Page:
Taking the Shame Out of STI Testing With Take Me Home

A new at-home kit puts your health in your hands—while reminding you that having hot sex is not anything to be ashamed about.

Take Me Home, the mail-order STI testing service, did not intentionally launch just as a nationwide lockdown went into effect. But its timing couldn’t have been more fortuitous.

Over the course of a year, Take Me Home—which operates as part of a non-profit arm of Building Healthy Online Communities—added 20 different jurisdictions and sent out around 6,000 test kits. But more importantly, Tae Me Home is a company dedicated to erasing stigma and shame from sexual activity and STIs.

One can see that in their choice to partner first with apps like Grindr and Scruff and now with Felix Fox and Adrian Hart to share their messaging. 

 

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“A third of the people who used our program last year had never tested for HIV before,” says Emmett Patterson, of Building Healthy Online Communities. “We wanted to create an experience where it wasn’t the traditional way of being tested.”

In addition to the expected levels of discretion and privacy—some users have joked that when the test kit arrives, the packaging could be anything from jockstraps to skincare products—Take Me Home purposefully avoids the classic HIV/AIDS iconography: There are no red ribbons to be seen.

That’s a refreshing change of pace that draws a clear distinction between the early days of that health crisis and today’s radically different world. “The red ribbon is a very specific symbol,” Patterson says. “Some of our users have said seeing that feels really triggering, and they were happy to see something that felt pretty and exciting and kind of sexy and simple. We want it to feel like an experience that puts you in control. It’s about being in control of your health and celebrating the fact that you’re having sex.”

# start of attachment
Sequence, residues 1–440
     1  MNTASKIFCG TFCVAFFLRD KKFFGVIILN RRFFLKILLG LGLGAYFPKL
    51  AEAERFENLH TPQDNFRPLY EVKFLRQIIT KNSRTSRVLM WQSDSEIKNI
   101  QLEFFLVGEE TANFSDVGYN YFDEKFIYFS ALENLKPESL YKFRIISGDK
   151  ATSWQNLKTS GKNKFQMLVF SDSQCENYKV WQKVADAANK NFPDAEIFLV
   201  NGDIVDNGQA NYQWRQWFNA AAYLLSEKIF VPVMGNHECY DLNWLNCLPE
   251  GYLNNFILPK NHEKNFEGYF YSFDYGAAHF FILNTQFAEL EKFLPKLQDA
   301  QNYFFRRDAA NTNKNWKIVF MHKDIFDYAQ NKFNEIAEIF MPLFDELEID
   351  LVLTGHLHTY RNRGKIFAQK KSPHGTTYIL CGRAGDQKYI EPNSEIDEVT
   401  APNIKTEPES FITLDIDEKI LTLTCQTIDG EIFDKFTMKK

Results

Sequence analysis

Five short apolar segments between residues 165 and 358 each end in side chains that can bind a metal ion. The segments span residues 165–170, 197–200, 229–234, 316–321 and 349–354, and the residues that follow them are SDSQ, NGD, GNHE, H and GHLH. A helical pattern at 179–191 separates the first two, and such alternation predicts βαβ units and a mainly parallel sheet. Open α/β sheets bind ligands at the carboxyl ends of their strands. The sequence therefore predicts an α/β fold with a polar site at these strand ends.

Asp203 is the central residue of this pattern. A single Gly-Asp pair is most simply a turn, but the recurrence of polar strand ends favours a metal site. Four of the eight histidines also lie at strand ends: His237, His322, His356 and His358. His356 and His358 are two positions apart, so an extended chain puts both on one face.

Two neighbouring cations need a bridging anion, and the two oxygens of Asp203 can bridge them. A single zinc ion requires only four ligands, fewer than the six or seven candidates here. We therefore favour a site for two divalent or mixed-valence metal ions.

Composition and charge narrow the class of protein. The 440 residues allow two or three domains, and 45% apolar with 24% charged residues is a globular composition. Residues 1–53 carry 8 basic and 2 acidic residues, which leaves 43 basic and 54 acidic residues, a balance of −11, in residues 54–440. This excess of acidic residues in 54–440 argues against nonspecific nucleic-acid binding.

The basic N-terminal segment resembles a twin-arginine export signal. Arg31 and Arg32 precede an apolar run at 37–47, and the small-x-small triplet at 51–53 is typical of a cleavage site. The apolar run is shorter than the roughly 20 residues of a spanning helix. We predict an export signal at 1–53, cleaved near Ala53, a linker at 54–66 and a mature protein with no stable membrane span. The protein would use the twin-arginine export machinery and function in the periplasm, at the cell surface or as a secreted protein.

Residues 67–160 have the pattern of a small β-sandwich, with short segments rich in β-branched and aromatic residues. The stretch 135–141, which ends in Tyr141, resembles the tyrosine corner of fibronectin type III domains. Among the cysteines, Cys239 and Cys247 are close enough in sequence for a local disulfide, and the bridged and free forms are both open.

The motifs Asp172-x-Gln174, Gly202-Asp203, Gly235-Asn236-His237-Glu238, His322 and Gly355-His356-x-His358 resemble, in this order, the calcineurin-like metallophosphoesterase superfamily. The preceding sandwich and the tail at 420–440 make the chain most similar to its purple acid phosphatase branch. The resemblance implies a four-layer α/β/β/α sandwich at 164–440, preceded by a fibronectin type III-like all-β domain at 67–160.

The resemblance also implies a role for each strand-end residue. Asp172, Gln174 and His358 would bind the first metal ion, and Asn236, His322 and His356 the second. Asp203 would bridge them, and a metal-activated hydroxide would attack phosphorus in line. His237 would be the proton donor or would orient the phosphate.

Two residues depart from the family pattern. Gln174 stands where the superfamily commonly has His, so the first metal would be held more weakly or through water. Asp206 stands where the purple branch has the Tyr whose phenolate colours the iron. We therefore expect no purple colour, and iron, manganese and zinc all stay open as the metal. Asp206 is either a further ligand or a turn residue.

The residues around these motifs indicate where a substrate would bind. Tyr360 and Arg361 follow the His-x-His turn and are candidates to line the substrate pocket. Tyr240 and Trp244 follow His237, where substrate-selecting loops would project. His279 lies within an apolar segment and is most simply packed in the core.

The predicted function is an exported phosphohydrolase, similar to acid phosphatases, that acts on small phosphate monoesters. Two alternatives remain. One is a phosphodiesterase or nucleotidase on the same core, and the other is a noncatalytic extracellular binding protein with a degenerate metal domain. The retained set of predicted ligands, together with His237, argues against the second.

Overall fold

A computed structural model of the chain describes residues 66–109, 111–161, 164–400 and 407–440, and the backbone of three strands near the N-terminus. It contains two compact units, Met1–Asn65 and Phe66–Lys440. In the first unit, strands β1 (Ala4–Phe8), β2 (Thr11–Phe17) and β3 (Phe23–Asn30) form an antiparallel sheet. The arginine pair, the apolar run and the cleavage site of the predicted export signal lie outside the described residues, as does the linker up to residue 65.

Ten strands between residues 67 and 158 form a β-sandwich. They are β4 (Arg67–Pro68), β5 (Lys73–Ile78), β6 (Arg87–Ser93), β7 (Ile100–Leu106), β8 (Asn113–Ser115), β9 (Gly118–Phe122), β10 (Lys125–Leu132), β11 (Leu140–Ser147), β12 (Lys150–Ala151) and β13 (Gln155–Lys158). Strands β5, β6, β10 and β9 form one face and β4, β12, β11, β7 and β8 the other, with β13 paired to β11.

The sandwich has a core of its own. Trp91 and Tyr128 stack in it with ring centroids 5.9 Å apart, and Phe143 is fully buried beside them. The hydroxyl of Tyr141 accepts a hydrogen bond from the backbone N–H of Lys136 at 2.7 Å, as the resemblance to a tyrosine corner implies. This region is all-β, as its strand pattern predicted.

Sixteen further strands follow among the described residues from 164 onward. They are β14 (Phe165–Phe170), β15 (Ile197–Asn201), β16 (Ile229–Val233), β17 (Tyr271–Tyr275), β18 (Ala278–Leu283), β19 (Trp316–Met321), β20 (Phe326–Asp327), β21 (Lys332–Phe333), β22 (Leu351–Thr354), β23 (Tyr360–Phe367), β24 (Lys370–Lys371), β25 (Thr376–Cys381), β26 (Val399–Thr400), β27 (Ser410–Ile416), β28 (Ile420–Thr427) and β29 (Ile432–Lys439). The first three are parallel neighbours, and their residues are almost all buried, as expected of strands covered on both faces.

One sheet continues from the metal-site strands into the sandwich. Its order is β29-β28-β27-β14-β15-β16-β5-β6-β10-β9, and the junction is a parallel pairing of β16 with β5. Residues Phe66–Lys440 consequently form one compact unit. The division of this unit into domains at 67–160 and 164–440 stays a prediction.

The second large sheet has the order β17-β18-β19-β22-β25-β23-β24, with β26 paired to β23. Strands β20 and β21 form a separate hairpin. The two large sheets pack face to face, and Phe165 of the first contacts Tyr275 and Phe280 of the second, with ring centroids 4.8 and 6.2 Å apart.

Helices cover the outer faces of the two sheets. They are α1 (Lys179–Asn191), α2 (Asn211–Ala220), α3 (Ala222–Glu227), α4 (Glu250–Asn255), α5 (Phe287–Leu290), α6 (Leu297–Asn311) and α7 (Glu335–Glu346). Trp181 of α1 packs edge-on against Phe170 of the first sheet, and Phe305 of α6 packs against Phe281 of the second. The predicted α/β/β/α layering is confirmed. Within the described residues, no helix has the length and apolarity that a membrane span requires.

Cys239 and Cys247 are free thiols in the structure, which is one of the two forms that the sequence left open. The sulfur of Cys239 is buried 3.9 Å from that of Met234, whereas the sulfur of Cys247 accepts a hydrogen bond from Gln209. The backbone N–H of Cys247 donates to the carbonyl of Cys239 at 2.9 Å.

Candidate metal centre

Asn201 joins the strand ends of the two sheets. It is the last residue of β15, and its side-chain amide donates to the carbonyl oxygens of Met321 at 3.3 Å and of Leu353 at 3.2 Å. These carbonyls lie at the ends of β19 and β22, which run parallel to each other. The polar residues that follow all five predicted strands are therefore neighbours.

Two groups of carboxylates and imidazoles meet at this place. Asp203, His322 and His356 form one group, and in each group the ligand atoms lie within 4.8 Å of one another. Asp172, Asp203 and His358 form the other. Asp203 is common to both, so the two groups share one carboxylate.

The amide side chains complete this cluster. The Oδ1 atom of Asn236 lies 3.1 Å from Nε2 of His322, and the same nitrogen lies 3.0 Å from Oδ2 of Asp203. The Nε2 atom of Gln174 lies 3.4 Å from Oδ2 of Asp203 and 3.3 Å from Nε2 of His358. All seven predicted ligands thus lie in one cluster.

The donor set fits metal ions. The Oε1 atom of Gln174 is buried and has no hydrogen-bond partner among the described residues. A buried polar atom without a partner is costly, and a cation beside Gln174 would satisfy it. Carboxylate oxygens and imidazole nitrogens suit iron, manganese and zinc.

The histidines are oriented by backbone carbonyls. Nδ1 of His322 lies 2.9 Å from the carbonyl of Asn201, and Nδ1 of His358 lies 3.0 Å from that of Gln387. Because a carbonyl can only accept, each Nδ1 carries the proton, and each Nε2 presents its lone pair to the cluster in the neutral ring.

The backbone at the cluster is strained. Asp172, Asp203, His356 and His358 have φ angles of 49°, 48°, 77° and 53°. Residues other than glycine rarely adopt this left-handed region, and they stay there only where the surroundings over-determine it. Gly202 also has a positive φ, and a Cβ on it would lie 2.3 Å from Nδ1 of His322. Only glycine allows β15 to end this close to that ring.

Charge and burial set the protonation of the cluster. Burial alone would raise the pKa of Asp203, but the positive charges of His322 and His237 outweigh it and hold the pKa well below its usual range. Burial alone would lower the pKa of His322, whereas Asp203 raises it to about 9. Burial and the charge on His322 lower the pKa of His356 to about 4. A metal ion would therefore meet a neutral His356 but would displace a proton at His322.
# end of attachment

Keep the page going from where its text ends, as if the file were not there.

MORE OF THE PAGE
The goal has always been to make STI testing “something that’s not a dirge or difficult to go through, but allows you to have great sex and have a great sex life,” Patterson says. “It doesn’t have to be this guilty or shameful thing.”

Over the last year, Take Me Home’s team has focused on reaching communities who may be removed from queer spaces or may struggle to reach a testing site, including people in rural communities, indigenous tribal communities, and disabled and chronically ill folx.

As as they make testing more accessible and remove roadblocks, Take Me Home always wants to convey a very different message regarding the transmission of STIs. Part of that is shrugging off the “sexually” part of that acronym. People have sex—there’s nothing to be ashamed of regarding that, and sometimes sex leads to an STI. The important thing is to remain in control of your health to keep having sex.

And though some may be intimidated by receiving a positive diagnosis while alone at home, others have reached out to say thank you for allowing them the chance to process the news alone before immediately jumping into the medical system.

In the meantime, Take Me Home is focused on expanding its reach and its messaging, including a Spanish-language version. And if things go well with their latest campaign, Patterson is tentatively hopeful that they’ll have more porn star collaborations in the future.

“Hopefully we can still be a solid testing resource for folks. I think that we’re going to keep doing our best to make our service more accessible and easier to use and just better at the end of the day. This is a great experiment—hopefully it’s a successful one!”

Visit takemehome.org for more information on available test kits, as well as to see if it is available in your area.

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